Film / Reviews

Review: Richard Jewell

By robin askew, Friday Jan 31, 2020

Richard Jewell (15)

USA 2019  131 mins  Dir: Clint Eastwood  Cast: Paul Walter Hauser, Olivia Wilde, Sam Rockwell, Jon Hamm, Kathy Bates

Ever seen one of those psychological profiles of a wanted serial killer, mad bomber or high school shooter and thought, “Hang on a moment – that’s me!” No? Just me, then. At the centre of the latest of Clint Eastwood’s dramas about ordinary blokes thrust into the media spotlight through an act of heroism (Sully, The 15:17 to Paris) is an important message about law enforcement authorities’ over-reliance on shiny new-fangled detection techniques and their consequent single-minded pursuit of the innocent that has led to so many miscarriages of justice. This goes some way towards mitigating the usual right-wing guff we’ve come to associate with American cinema’s most prominent Republican.

independent journalism

Bristol24/7 relies on your support to remain independent. If you like what we do and you want us to keep reporting, become a member for just £45 for the year

Join now

Weirdly enough, this true story starts off very much in the style of that 2009 bozo flick Paul Blart: Mall Cop, in which Kevin James gifted a grateful world his signature comedy move of being a fat fuck who falls over a lot. Like Blart, Richard Jewell (Paul Walter Hauser) is a portly, officious rentacop who dreams of being the real thing. He lives at home with his doting mum (Bates) and is generally viewed as an overzealous, borderline dangerous figure of fun. Having worked his way through several jobs, our lardy, eager-to-please hero lands a gig as a security guard at the 1996 Atlanta Summer Olympics. Inevitably, his co-workers swiftly conclude that he’s a self-important, by-the-book asshole. Until, that is, his persistence in investigating a suspicious package pays off when it’s found to contain an enormous pipe bomb. Having prevented a major loss of life, self-effacing Jewell becomes a national hero. Book deals roll in and people come up shake his hand in the street. For precisely three days.

Enter the FBI in the malevolent form of agent Tom Shaw (Hamm). Having apparently failed to investigate a telephone warning, he decides that, as a frustrated white man and police wannabe, Jewell fits the profile of the bomber. After all, wasn’t there that other attention-seeking security guard who did a similar thing? And don’t firefighters go round starting fires?

After I, Tonya (dim-bulb conspiracy theorist Shawn, remember?) and BlackKklansman, Paul Walter Hauser has pretty much cornered the market in thirtysomething white-trash loser roles and brings real pathos to the character of Jewell, who’s undone by his simple-mindedness and kneejerk genuflection to authority figures (“I’m in law enforcement too,” he repeats as the manipulative Feds stitch him up like a kipper). Sam Rockwell delivers another of his trademark quirky performances as the attorney with a soft spot for the schmuck, who struggles to rein in his client’s own-worst-enemy tendencies. But where the film really falls apart is in the cartoonish character of Kathy Scruggs (Wilde). While it’s certainly bracing to see an awards season film in which a journalist is portrayed unambiguously as an utter scumbag rather than a noble, tenacious seeker-after-the-truth, Eastwood’s pandering to populism in demonising her as the conscience-free, two-dimensional main villain of the piece even extends to showing her having sex with a source in exchange for the story. The real Ms. Scruggs cannot defend herself as she died in 2001, which leaves rather a nasty taste in the mouth and has led to accusations of ‘slut shaming’. Richard Jewell is also deceased, but at least he lived long enough to see the real bomber apprehended.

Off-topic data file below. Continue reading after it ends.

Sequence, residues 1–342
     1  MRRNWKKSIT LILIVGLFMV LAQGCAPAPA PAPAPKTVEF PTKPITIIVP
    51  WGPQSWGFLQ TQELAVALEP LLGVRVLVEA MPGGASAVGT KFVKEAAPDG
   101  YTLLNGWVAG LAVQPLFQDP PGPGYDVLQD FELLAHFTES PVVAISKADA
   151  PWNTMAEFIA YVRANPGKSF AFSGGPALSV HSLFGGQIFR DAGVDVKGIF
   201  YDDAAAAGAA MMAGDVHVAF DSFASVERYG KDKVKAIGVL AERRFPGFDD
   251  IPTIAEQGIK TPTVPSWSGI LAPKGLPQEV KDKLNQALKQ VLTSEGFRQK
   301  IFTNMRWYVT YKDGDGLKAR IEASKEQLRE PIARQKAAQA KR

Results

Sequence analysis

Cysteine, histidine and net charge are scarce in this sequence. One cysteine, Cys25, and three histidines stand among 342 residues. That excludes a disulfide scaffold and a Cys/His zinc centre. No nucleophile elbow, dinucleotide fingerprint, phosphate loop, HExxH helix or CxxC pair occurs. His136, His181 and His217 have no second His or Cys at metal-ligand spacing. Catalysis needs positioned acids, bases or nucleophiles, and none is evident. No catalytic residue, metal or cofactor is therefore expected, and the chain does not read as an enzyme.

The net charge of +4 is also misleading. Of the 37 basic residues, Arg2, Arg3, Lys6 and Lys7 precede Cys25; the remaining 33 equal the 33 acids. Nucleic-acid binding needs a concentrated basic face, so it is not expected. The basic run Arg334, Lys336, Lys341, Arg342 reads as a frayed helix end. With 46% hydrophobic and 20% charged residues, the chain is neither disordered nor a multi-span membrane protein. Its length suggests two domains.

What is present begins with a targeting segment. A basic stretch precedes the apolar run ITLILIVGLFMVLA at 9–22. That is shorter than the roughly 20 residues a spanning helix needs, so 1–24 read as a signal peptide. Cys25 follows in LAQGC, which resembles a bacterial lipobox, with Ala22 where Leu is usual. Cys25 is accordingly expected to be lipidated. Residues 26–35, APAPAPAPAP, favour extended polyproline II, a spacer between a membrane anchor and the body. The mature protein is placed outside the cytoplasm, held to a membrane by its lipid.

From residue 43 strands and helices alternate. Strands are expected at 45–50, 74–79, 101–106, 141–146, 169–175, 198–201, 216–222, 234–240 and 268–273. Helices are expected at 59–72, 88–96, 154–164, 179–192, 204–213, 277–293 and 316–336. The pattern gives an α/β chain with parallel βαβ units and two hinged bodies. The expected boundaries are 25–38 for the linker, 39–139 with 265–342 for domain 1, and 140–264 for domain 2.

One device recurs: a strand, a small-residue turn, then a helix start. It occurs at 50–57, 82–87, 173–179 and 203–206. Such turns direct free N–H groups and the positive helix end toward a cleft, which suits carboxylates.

Related articles

  • Film / Reviews

    Review: Dark Waters

    True-life David vs Goliath legal drama has flaws but will leave you feeling very angry indeed

    By robin askew Friday, Feb 28 2020

  • Film / Reviews

    Review: Parasite

    Class war drama meets home invasion thriller in this ferocious - and ferociously funny - satire

    By robin askew Tuesday, Feb 4 2020

  • Film / Reviews

    Review: The Lighthouse

    A darkly comic fantasy that seeps under your skin to corrode your nerves from within

    By robin askew Thursday, Jan 30 2020

  • Film / Reviews

    Review: Queen & Slim

    Effective and well-acted if formulaic Black Lives Matter spin on the 'outlaws on the lam' genre

    By robin askew Monday, Jan 27 2020

  • Film / Reviews

    Review: Waves

    A boldly original drama of two halves, the first being more successful than the second

    By robin askew Friday, Jan 17 2020